In the several months that he has been involved in the project, Svetlichnyy has developed a general understanding of which RNA binding proteins are responsible for the regulation of alternative splicing, and have identified several such regulators.

“Out of 80 candidates, we have identified four or five regulators which we believe are very much responsible for the regulation of exon exclusion or inclusion from the transcript,” he said.

But knowing which proteins are responsible isn’t enough; the team is bracing for an uphill battle in the quest to understand the complex causality at play when different types of proteins interact during the regulatory process.

“We’re trying to understand how one factor can affect the binding of another factor, how they work together, which factor had the primary role in the binding and which factor facilitated the binding of another one,” he said. “So from a biological standpoint, causality issues are probably the most important things to focus on in this project.”

But Svetlichny believes that the abundance of available information will help him and his team surmount these obstacles. “We believe that existing high-throughput datasets (eCLIP-seq), generated in the framework of the ENCODE project, coupled with the power of machine-learning algorithms and statistics will help us to figure out the rules governing the combinatorial binding of proteins to RNA and the combined effect it has on the splicing process,” he said.

Svetlichniy’s immediate goal is to focus on several key regulators in order to develop sound evidence that certain proteins are correlated in terms of alternative splicing and subsequent gene expression.

Research for the greater good

Both young researchers are committed to the ideal of improving our understanding of the genetic causes and effects of cancer and other illnesses.

Relying on the algorithm that set Vorontsov and his team ahedad of the pack at ENCODE-DREAM, as well as the testing of the statistical properties of transcription factor binding sites, Vorontsov has devoted his attention to studying selection pressure with respect to binding sites in cases of cancer.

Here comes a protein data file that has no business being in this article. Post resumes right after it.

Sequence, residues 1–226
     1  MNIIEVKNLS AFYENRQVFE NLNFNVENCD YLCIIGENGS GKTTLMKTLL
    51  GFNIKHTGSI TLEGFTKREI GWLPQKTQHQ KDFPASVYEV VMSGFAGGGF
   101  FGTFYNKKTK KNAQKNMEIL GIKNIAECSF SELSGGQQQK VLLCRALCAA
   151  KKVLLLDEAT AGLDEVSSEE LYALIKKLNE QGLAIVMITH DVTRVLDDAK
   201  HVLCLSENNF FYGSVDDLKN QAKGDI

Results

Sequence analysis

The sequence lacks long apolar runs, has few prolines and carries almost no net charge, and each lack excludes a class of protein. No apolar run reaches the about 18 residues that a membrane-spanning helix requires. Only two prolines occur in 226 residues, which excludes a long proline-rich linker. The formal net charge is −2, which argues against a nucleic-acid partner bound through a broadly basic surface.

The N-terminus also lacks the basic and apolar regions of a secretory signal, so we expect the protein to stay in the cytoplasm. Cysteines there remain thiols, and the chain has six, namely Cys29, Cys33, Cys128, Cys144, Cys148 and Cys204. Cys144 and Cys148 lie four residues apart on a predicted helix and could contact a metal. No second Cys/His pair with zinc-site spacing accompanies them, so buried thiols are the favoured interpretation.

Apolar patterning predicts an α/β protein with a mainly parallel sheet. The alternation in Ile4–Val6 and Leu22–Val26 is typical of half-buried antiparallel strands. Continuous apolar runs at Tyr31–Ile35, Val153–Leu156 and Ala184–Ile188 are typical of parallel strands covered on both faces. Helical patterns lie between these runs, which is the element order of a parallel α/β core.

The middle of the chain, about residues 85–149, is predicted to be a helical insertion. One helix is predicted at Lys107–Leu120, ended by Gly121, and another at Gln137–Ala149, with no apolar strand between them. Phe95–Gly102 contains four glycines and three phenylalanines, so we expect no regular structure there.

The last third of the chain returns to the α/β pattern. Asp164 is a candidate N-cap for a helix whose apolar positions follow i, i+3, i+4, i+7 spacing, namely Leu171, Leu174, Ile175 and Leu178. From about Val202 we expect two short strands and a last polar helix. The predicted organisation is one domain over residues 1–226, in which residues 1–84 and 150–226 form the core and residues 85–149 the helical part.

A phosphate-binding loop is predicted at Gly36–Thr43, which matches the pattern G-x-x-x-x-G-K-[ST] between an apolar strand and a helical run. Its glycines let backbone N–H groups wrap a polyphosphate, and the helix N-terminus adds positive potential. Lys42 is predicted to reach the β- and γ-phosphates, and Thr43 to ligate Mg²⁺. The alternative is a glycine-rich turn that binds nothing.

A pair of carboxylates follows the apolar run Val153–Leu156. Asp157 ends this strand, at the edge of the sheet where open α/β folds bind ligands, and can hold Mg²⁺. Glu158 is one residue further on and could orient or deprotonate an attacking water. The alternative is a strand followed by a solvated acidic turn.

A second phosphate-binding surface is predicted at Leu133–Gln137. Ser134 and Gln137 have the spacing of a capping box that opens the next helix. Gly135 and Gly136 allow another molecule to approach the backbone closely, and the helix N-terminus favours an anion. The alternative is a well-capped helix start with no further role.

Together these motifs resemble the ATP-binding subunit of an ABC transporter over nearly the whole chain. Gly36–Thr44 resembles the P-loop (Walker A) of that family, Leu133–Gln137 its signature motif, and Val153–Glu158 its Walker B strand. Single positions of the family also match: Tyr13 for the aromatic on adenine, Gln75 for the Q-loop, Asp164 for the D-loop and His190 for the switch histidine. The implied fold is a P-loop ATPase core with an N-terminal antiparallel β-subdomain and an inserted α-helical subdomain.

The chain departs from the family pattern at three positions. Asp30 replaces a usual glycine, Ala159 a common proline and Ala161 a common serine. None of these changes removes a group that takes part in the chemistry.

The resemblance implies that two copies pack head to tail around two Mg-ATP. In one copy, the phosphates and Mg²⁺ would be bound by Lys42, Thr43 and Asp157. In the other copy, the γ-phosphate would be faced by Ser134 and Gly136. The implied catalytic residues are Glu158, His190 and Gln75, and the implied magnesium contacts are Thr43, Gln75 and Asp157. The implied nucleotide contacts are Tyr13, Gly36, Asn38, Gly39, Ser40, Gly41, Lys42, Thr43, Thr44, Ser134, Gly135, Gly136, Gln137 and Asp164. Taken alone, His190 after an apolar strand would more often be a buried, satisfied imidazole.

“In the long term, I’m going to study the tolerance of binding sites to specific mutational processes so that we can predict which binding sites will be broken in particular cancer types,” he said.

“The ultimate goal of my work is to reduce the set of known variations that could potentially cause diseases like cancer and type-two diabetes. Ideally, the set of known variations will ultimately be small enough for biologists to verify them experimentally. This will help to determine the mechanisms behind these diseases,” he added.

In the longer term, Svetlichnyy hopes that his research will play a role in fine-tuning our understanding of certain types of cancer.

“We hope to make sense of exactly how cancer can affect the splicing of related genes, so as to find examples of genomic variations and determine whether these genes are known to be involved in different types of cancer,” he said.

“We will try to understand for a particular cancer type if there is a set of genes affected by a mutation and how that mutation affects splice variants,” he added, noting in particular that such research could help scientists connect particular mutations with the creation of cancer-related proteins.

By linking mutations to cancer types, researchers could ultimately help patients who are genetically predisposed to these and other maladies take prophylactic measures.

Professor Konstantin Severinov, Director of the Center for Data-Intensive Biomedicine and Biotechnology, (left) and Dmitry Svetlichnyy pictured during the 2017 Systems Biology fellowship award ceremony.

Professor Konstantin Severinov, Director of the Center for Data-Intensive Biomedicine and Biotechnology, (left) and Dmitry Svetlichnyy pictured during the 2017 Systems Biology fellowship award ceremony.